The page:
Getting “lean” onto the farm

Can principles that originated in car factories improve efficiency on the farm?

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An OMAFRA project is exploring how farmers can apply the kind of practices that made Toyota a world leader in car manufacturing to improve farm profitability.

The ministry’s Environmental Management Branch has been working with farmers and food manufacturers to see how conducting Lean principle audits of their operations can help efficiency and productivity.

Why it matters: Many manufacturers have benefited from the Japanese-inspired Lean principles, making their businesses more efficient and predictable and in some cases more profitable. But farming is different — or is it?

Jacqui Empson Laporte.
photo: Courtesy Jacqui Empson Laporte.

Jacqui Empson Laporte, an OMAFRA environmental specialist who covers Huron and Perth counties, says that the new provincial government is pushing Lean principles internally to reduce costs and find efficiencies.

While it may seem strange to have the Environmental Services Branch delivering this type of business management advice, Empson Laporte said there are several good reasons.

Lean principles are usually aimed at increasing efficiency and profit, which is good for a farm business. However, making Lean changes can also solve environmental issues, decrease resource use and therefore environmental impact.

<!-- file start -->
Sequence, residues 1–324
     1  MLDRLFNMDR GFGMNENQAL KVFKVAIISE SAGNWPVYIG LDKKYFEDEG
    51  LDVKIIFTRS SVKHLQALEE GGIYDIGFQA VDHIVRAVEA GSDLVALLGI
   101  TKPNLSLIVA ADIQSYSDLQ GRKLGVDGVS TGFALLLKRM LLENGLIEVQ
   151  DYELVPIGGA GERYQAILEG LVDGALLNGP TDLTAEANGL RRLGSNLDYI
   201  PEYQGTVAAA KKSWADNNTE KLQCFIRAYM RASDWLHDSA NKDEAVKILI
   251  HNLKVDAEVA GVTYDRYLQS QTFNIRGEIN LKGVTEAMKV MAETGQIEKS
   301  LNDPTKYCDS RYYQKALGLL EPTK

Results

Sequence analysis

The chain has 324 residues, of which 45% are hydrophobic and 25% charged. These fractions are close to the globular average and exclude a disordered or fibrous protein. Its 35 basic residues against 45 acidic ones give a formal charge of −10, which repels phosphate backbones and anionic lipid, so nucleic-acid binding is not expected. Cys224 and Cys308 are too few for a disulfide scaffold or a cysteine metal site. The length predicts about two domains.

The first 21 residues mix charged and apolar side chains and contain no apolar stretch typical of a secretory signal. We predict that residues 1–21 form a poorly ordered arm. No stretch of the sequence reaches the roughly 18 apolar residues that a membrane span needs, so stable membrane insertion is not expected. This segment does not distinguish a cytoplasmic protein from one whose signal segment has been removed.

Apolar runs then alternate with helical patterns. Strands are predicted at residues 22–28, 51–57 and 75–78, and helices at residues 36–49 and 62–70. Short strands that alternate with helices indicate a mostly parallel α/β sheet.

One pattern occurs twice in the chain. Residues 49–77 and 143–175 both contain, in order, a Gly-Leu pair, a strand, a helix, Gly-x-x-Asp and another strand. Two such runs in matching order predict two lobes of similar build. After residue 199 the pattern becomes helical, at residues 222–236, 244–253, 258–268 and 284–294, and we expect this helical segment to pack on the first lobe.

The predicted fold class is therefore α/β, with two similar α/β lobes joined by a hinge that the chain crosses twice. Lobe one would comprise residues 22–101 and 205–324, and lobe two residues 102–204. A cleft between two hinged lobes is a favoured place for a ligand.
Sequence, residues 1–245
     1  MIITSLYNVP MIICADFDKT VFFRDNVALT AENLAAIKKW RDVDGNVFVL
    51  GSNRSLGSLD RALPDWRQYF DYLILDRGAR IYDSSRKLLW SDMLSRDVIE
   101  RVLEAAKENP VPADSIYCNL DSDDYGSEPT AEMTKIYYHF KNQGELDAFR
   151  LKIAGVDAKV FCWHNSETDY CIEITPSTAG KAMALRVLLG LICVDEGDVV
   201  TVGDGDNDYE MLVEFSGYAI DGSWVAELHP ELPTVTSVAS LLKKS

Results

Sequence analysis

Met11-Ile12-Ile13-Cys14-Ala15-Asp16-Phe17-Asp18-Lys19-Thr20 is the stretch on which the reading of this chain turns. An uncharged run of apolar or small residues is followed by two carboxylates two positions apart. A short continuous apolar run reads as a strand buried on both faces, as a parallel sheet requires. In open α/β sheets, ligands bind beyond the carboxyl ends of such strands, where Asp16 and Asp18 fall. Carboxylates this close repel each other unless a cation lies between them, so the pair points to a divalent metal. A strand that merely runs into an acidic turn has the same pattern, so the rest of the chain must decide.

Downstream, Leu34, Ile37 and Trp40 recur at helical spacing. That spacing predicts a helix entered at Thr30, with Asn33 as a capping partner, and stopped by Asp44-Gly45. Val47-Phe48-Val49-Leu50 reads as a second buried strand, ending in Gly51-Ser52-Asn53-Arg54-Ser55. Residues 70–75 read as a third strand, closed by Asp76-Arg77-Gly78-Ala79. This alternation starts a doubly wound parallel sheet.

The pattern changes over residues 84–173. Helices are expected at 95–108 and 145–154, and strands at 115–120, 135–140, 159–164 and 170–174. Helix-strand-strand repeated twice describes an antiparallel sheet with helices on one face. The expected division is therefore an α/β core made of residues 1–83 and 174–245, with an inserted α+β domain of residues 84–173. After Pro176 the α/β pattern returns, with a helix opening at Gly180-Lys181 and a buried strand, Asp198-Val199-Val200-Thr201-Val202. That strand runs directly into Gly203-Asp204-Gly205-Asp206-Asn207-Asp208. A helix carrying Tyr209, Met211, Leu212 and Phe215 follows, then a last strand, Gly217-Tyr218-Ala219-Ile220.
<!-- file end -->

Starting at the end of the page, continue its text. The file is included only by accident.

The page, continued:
John Van de Vegte, an engineer who now works with the ministry of Agriculture Food and Rural Affairs has a background in manufacturing outside of the agricultural sector. Empson Laporte credits his experience and willingness to question the way things have always been done in agriculture with helping to drive some the changes in process on farms. He’s been involved in the case studies created by OMAFRA.

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What are Lean principles?

According to the book The Lean Farm by Ben Hartman, it was principles developed by Taiichi Ohno, considered the father of the Toyota production system that spawned the worldwide Lean trend. Depending on the source, there are between five and seven principles.

In his 2015 book, Hartman included:

  1. Figure out precisely what it is that your customers value. This is beyond the product, but also can include presentation, timing and packaging, for example.
  2. Identify the value stream for each product, meaning the steps in the process that create value.
  3. Find how to make value flow without interruption. This means removing waste.
  4. Let the customer pull value from the producer. In other words, don’t over-produce.
  5. Pursue perfection, which means continuously work to improve.
  6. Respect workers and harness the wisdom from your workforce.

Hartman, a small vegetable farmer from Goshen, Indiana credits Lean processes for improving the farm’s profitability to the point where he and his wife can work full time on the farm.

There are several long-standing programs that promote the use of Lean principles, including Six Sigma, which was used for years by Maple Leaf Foods and Kaizen strategies promoting continuous improvement and efficiency.

One farmer on Twitter recently called these types of strategies “common sense.”

Lean principles helped make Toyota a world leader in car manufacturing.
photo: Traimak Ivan/iStock/Getty Images

Harnessing these approaches, however, requires a careful study of existing processes on the farm.